Marshall LFMarshall SBKlauber MRvan Berkum Clark MEisenberg HEJane JA: A new classification of head injury based on computerized tomography. J Neurosurg 75:SupplS14S201991

  • 14

    Miller KJSchwab KAWarden DL: Predictive value of an early Glasgow Outcome Scale score: 15-month score changes. J Neurosurg 103:2392452005

  • 15

    Narayan RKKishore PRBecker DPWard JDEnas GGGreenberg RP: Intracranial pressure: to monitor or not to monitor? A review of our experience with severe head injury. J Neurosurg 56:6506591982

  • 16

    Poca MASahuquillo JBáguena MPedraza SGracia RMRubio E: Incidence of intracranial hypertension after severe head injury: a prospective study using the Traumatic Coma Data Bank classification. Acta Neurochir Suppl 7127301998

  • 17

    Resnick DKMarion DWCarlier P: Outcome analysis of patients with severe head injuries and prolonged intracranial hypertension. J Trauma 42:110811111997

  • 18

    Servadei FMurray GDPenny KTeasdale GMDearden MIannotti F: The value of the “worst” computed tomographic scan in clinical studies of moderate and severe head injury. European Brain Injury Consortium. Neurosurgery 46:70752000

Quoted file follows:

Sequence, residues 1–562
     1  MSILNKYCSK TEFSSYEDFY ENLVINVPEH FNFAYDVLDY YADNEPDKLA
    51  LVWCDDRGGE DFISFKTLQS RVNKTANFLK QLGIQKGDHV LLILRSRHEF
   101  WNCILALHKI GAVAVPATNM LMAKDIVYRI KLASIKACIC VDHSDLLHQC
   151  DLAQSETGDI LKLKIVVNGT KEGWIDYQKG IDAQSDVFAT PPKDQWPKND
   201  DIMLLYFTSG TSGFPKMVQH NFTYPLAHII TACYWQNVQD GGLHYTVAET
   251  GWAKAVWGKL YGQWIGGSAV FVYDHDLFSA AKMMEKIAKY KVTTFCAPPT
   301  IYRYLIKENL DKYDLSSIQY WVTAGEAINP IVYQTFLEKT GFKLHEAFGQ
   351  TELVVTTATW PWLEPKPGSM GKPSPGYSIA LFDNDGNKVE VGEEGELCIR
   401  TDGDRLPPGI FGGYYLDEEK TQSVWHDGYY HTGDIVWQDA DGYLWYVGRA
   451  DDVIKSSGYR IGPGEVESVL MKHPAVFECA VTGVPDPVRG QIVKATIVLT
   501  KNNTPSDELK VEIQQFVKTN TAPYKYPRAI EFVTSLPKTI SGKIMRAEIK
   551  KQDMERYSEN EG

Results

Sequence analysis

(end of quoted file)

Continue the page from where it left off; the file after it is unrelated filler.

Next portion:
• 19

    Stocchetti NRossi SBuzzi FMattioli CPaparella AColombo A: Intracranial hypertension in head injury: management and results. Intensive Care Med 25:3713761999

  • 20

    Taylor AButt WRosenfeld JShann FDitchfield MLewis E: A randomised trial of very early decompressive craniectomy in children with traumatic brain injury and sustained intracranial hypertension. Childs Nerv Syst 17:1541622001

  • 21

    Unterberg AKiening KSchmiedek PLanksch W: Longterm observations of intracranial pressure after severe head injury. The phenomenon of secondary rise of intracranial pressure. Neurosurgery 32:17241993

TrendMD

Cited By

Metrics

Metrics

All Time Past Year Past 30 Days
Abstract Views 173 173 34
Full Text Views 282 282 19
PDF Downloads 126 126 13
EPUB Downloads 0 0 0

PubMed

Google Scholar